Several of the readings and videos emphasized the concept of using games in education. “Video games put you into worlds where you have to solve problems. A video game is just an assessment” (Gee, 2009). I am an experienced 20 plus year educator, however I have always embraced gaming. I have recognized the problem solving skills, reading comprehension, vocabulary building adeptness that comes from games. The thought that many of my digital immigrant colleagues cannot embrace this concept is frustrating. Education is power and that is how I continue to encourage all technology with reluctant educators and even parents. Many parents I feel think that education wasn’t “fun” for them so why should it be “fun” now. A huge impact on educators comes from the new generation of teachers who are digital natives. These educators “get it”. It is through their technology integration and successful student achievement that will encourage and have a great impact on older digital immigrant teachers who have not fully embraced gaming and other technology integration.
Pitler (2007) discussed the connection between student effort and their academic success. This text made me see the importance of helping students realize how to apply more effort to their work. Pitler (2007) readings included an Effort Rubric and other ways to help students recognize how to improve their effort in academics. This impressed me with that we should be giving them examples of how to do this and allow them to be engaged and a part of their progress in improving their effort. The formats are visual and allow students personal ownership in the academic success.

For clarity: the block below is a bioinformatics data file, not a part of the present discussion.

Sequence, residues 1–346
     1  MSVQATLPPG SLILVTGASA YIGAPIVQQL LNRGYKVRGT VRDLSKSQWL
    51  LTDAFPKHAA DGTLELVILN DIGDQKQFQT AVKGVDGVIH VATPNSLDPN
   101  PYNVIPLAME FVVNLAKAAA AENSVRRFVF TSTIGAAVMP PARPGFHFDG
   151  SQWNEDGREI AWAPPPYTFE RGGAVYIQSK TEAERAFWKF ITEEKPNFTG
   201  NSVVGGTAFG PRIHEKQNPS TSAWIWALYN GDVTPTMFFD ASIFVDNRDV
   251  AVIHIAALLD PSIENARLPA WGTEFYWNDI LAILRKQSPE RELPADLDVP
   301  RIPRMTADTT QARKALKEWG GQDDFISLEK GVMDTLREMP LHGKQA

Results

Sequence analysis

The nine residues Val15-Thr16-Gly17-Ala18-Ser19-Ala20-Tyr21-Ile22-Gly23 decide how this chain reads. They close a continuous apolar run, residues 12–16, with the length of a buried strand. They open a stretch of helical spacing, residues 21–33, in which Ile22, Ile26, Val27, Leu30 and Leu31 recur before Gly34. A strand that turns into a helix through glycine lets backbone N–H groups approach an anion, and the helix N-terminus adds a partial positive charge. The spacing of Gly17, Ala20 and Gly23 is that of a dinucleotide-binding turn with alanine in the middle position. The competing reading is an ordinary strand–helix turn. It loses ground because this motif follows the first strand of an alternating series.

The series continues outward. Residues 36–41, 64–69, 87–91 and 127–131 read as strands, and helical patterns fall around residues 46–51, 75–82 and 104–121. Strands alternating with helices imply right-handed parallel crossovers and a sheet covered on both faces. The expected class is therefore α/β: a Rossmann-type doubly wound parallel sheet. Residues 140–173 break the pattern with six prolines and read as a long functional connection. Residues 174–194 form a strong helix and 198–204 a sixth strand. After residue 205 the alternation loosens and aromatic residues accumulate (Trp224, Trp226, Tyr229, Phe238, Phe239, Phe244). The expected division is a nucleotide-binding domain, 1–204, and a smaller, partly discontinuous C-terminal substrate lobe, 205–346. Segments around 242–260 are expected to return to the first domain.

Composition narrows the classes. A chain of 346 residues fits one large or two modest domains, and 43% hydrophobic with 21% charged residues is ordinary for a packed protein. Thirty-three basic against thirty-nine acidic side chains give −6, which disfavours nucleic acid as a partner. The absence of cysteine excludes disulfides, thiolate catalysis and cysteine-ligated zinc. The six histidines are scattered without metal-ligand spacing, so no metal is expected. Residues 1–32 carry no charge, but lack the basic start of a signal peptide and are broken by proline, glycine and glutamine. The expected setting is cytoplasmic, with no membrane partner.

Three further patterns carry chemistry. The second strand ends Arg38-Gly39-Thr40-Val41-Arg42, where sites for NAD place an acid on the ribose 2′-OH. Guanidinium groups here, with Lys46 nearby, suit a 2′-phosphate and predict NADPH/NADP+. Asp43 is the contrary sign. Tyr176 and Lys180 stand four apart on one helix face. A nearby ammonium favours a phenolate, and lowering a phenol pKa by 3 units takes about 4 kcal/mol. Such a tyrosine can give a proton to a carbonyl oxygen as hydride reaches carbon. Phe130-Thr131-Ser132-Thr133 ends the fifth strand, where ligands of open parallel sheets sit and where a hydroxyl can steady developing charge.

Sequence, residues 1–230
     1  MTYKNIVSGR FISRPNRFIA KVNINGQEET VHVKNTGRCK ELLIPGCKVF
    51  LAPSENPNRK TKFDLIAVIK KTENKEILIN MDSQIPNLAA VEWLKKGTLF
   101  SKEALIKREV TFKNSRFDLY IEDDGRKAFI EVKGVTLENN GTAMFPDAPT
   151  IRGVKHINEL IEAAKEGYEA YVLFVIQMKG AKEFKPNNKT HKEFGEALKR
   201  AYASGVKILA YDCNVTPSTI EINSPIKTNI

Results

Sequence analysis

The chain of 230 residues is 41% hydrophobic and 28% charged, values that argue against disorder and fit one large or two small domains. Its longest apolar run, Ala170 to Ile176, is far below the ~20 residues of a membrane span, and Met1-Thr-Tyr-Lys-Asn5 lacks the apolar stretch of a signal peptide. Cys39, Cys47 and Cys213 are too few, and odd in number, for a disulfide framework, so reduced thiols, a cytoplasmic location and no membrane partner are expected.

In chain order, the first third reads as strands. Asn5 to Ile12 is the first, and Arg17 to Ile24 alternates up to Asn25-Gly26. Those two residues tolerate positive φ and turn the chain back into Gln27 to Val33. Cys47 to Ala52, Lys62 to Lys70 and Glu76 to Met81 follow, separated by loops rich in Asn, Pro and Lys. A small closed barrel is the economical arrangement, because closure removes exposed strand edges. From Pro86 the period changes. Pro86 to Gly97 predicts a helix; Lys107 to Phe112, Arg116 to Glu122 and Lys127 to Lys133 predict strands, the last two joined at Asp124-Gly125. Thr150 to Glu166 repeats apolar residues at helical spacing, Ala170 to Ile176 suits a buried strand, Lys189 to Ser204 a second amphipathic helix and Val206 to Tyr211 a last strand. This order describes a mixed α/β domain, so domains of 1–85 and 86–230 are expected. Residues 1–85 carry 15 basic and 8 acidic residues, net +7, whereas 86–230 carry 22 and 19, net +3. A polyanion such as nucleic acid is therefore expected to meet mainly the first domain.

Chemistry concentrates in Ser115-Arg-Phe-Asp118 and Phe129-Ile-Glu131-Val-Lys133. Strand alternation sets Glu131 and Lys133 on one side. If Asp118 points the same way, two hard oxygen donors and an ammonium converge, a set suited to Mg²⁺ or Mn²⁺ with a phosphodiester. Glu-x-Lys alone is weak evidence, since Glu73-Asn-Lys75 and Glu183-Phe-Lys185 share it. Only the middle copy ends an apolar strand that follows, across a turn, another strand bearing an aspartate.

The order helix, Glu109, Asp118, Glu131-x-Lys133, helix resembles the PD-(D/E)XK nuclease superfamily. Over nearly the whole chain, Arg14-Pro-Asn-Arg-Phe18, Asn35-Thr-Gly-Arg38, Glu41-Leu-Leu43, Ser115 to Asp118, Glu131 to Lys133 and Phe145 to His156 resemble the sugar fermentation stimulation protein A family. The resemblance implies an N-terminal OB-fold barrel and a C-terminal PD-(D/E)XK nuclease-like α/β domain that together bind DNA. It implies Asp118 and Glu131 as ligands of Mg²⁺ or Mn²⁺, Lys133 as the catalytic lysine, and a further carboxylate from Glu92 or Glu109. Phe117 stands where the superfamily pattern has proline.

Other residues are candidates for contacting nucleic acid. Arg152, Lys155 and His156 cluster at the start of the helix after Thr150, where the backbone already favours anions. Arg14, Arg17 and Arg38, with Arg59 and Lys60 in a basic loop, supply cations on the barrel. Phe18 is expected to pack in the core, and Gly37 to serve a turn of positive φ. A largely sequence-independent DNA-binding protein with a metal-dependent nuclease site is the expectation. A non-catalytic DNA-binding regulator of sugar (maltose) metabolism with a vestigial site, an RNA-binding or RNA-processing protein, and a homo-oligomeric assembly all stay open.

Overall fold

Today’s students have a wide open door of technology opportunities. Technology makes it easier for students to show what they have learned along with allowing teachers to set expectations and grade these students product with flexibility and ease. It is vital that this type of authentic assessment be given immediate feedback by the teacher to the student. There are a wide variety of Web 2.0 tools out there and many are free. It is our responsibility as educational technology leaders to continue learning and allowing our students to share their technology tools with us as we guide them in the educational process preparing them for the workforce of the 21st century.
Edutopia.org(nd). Big thinkers: James Paul Gee in grading with games. Retrieved on Oct. 5, 2009 from http://www.edutopia.org/digital-generation-james-gee-video.
Pitler, H., Hubbell, E., Kuhn, M., & Malenoski, K. (2007). Using technology with classroom instruction that works. Alexandria, VA: Association for Supervision and Curriculum Development, 156-157.